Conservation

New WWF report links destruction of nature to pandemics and calls for urgent global action

written by Oceanographic Staff

The WWF has put out an urgent call for global action to address the key drivers it has identified which will cause future zoonotic disease pandemics.

A new report details how the environmental factors driving the emergence of zoonotic diseases are: the trade and consumption of high-risk wildlife, land-use change leading to deforestation and conversion, expansion of agriculture and unsustainable intensification and animal production.

WWF report

“We must urgently recognise the links between the destruction of nature and human health, or we will soon see the next pandemic,” said Marco Lambertini, Director General of WWF International. “We must curb the high-risk trade and consumption of wildlife, halt deforestation and land conversion as well as manage food production sustainably. All these actions will help prevent the spill over of pathogens to humans, and also address other global risks to our society like biodiversity loss and climate change. There is no debate, and the science is clear; we must work with nature, not against it. Unsustainable exploitation of nature has become an enormous risk to us all.”

The WWF report outlines how 60-70% of the new diseases that have emerged in humans since 1990 came from wildlife. During the same time period, 178m hectares of forest have been cleared, the equivalent to more than seven times the area of the UK.

The WWF has stated that the warning signs were clear for years, and numerous warnings from scientists and experts have been made about the risk of a global pandemic. The World Economic Forum (WEF) ranked pandemics and infectious diseases among the top global risks more than 10 years ago, stating that they confirm ‘an acute threat to human life’. Leading biodiversity experts saying even more deadly disease outbreaks are likely in the future if the rampant destruction of the natural world is not rapidly stopped.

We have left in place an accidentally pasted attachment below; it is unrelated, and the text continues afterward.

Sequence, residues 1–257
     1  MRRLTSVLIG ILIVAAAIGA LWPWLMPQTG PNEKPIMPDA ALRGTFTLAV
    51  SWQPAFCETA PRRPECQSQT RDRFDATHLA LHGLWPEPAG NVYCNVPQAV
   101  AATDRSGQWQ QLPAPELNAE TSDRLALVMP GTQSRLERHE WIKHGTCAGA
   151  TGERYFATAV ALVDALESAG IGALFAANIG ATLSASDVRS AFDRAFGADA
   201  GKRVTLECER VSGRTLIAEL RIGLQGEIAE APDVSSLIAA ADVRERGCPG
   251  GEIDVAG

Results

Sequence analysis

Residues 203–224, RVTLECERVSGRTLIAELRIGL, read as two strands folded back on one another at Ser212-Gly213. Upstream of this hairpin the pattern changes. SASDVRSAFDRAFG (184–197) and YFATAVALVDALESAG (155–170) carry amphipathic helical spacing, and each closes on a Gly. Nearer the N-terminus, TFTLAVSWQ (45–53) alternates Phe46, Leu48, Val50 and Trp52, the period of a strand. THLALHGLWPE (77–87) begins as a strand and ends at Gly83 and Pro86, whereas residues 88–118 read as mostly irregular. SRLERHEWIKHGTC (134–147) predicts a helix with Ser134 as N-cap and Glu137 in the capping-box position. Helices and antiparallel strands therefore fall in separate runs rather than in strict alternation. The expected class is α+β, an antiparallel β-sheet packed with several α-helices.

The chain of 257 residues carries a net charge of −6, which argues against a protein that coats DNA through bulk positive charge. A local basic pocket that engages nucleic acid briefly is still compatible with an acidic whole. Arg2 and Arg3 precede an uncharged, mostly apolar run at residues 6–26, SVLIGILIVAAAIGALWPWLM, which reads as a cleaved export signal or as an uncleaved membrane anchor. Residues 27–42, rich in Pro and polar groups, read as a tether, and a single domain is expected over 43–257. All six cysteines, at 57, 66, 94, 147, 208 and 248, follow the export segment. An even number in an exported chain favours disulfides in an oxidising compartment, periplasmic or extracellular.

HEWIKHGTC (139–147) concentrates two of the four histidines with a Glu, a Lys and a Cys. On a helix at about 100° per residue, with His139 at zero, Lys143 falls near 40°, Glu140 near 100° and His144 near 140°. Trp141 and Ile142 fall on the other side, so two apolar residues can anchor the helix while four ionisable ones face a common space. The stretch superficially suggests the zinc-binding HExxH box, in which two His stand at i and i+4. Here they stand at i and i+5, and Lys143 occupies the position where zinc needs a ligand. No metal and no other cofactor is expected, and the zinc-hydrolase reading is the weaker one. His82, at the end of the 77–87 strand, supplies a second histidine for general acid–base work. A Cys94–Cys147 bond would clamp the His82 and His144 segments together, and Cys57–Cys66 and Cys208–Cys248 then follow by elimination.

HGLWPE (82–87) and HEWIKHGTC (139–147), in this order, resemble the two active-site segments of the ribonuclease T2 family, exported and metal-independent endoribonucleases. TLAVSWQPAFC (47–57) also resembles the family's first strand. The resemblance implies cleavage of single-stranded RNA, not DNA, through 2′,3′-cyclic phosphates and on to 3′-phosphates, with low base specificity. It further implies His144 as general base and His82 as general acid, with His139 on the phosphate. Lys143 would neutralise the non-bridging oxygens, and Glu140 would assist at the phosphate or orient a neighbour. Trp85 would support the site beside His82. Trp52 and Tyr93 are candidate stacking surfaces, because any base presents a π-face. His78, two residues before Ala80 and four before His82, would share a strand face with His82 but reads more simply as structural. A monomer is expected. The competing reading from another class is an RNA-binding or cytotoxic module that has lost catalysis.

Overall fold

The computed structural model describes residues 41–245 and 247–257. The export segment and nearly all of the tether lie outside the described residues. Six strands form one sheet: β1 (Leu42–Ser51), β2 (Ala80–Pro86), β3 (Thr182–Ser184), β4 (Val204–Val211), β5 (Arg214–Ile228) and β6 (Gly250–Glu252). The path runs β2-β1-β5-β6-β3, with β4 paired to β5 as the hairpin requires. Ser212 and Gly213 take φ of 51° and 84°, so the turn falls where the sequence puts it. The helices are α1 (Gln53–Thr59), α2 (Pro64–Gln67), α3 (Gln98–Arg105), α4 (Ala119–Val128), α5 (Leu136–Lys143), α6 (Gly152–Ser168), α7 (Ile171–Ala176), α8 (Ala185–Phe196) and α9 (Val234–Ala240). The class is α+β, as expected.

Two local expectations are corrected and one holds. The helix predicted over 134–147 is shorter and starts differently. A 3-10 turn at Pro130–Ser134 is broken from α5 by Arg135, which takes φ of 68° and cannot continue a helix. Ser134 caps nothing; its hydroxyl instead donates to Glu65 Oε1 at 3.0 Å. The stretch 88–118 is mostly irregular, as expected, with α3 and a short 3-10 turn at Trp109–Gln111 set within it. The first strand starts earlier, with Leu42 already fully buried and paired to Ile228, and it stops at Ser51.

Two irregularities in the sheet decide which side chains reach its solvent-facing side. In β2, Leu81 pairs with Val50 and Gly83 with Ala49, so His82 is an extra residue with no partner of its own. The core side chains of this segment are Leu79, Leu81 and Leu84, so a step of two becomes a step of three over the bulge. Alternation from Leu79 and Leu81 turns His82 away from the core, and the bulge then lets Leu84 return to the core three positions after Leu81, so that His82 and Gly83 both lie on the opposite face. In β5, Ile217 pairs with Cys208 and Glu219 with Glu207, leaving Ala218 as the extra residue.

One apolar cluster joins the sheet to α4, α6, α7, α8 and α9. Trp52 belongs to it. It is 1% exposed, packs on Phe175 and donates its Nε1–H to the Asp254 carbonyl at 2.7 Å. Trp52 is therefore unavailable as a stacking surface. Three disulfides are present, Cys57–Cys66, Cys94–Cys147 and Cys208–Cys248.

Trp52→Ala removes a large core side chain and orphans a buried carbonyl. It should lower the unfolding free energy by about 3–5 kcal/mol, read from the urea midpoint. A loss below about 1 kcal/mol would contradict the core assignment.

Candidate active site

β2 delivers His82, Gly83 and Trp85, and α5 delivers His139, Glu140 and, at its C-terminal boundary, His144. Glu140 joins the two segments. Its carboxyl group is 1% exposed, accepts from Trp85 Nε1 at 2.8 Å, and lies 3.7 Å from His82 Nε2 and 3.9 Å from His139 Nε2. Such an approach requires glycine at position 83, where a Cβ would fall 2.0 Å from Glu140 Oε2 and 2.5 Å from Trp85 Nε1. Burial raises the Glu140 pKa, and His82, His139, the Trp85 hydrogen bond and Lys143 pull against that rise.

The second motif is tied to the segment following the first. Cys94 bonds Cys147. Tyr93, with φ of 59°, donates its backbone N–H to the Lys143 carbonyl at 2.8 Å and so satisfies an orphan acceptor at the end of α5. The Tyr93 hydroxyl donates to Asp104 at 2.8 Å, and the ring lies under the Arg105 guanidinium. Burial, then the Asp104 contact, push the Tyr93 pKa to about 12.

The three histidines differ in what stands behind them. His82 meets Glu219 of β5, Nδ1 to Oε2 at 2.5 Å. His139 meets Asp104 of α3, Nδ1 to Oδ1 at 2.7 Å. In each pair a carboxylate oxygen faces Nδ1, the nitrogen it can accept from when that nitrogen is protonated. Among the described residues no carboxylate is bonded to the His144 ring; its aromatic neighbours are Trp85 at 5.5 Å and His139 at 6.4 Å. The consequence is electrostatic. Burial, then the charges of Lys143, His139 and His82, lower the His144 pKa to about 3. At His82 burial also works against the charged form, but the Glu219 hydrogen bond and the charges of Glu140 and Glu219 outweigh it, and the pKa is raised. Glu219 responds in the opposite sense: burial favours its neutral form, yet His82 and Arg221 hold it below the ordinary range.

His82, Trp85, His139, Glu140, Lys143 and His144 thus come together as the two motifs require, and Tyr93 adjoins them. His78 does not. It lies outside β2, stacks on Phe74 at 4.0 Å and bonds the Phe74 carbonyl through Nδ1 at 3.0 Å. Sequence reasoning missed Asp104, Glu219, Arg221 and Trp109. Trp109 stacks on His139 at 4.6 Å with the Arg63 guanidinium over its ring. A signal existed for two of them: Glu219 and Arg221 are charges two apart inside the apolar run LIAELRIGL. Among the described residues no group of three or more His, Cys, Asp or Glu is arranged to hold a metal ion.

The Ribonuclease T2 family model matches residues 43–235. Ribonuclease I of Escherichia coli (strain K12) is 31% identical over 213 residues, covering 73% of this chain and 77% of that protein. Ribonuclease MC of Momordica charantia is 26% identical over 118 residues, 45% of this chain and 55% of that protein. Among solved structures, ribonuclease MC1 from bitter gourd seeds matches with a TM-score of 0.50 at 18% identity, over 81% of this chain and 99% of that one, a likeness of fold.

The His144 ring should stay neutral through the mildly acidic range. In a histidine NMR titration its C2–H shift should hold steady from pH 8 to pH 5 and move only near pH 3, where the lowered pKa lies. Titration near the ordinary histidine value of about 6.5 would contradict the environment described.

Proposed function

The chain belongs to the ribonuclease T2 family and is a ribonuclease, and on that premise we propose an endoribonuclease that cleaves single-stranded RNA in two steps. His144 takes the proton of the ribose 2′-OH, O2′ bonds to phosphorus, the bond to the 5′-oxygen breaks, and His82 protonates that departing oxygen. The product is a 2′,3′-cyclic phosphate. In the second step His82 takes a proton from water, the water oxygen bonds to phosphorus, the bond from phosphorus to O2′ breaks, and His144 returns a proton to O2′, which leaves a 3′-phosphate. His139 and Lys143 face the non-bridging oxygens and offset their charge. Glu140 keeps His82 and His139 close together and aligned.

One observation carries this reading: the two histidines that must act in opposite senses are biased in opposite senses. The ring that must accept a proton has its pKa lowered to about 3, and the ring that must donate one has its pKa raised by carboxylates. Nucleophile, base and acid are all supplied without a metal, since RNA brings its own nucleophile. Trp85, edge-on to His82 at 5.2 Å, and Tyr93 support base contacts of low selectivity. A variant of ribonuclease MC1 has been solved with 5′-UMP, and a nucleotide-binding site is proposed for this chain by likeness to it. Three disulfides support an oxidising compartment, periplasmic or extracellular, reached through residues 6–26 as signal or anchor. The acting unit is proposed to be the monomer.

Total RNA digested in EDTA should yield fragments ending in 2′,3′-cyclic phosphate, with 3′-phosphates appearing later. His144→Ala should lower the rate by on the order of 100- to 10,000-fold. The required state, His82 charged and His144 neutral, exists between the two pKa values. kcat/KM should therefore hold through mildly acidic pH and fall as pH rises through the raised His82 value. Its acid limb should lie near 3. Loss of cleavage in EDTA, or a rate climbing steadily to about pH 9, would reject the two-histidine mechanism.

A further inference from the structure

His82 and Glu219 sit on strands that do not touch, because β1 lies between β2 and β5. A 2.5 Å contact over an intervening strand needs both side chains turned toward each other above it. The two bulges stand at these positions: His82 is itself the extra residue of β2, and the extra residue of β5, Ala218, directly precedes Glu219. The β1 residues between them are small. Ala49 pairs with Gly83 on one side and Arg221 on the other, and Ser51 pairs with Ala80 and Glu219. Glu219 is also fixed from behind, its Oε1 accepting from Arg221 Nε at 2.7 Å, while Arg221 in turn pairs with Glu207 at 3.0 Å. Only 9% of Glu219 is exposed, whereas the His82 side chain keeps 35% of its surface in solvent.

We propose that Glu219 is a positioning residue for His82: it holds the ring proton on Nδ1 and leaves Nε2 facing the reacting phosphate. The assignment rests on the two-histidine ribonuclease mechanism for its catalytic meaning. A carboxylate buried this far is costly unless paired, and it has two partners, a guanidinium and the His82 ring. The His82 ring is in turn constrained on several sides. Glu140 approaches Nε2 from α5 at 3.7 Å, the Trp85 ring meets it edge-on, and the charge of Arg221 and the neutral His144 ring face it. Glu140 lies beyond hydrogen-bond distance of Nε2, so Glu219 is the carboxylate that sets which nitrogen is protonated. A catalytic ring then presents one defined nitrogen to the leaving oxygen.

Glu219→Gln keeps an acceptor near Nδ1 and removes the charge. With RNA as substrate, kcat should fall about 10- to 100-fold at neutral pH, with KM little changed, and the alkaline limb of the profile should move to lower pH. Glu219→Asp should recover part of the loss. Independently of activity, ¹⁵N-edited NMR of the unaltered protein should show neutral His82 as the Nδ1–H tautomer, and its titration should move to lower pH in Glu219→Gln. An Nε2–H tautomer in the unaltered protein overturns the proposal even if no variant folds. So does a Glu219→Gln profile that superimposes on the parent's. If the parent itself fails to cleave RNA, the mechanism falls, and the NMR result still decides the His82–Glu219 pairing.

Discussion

WWF report

Though there are still uncertainties about the precise origins of COVID-19, all available evidence suggests that it is a zoonotic disease, meaning it jumped from wildlife to humans. A ban on the consumption of wild animals was announced by the Chinese government on February 24, and there are more plans to revise existing laws on the protection of wildlife in the country. Moves to close high-risk wildlife markets and to end the wildlife trade global must be taken by all governmental bodies.

The WWF notes that the global food system needs to be reformed due to its unsustainable expansion. The current system drives large-scale conversion of natural spaces for destructive agriculture, fragmenting natural ecosystems and increasing interactions between wildlife, livestock and humans.

“In the midst of this tragedy there is an opportunity to heal our relationship with nature and mitigate risks of future pandemics but a better future starts with the decisions governments, companies and people around the world take today.” said Lambertini. “World leaders must take urgent action to transform our relationship with the natural world. We need a New Deal for Nature and People that sets nature on the path to recovery by 2030 and safeguards human health and livelihoods in the long-term.”

In a joint piece written for the Guardian by Lambertini, alongside Elizabeth Maruma Mrema, head of the UN convention on biological diversity, Maria Neira, the World Health Organization director for environment and health, they wrote: “We must embrace a just, healthy and green recovery and kickstart a wider transformation towards a model that values nature as the foundation for a healthy society. Not doing so, and instead attempting to save money by neglecting environmental protection, health systems, and social safety nets, has already proven to be a false economy. The bill will be paid many times over.”

To read the full report, ‘COVID 19: urgent call to protect people and nature’, click here.

First photograph by Oton Barros, courtesy of Coordenação-Geral de Observação da Terra/INPE; Second photography by  Maximilian Hirschfeld, courtesy of the Coral Reef Image Bank. 

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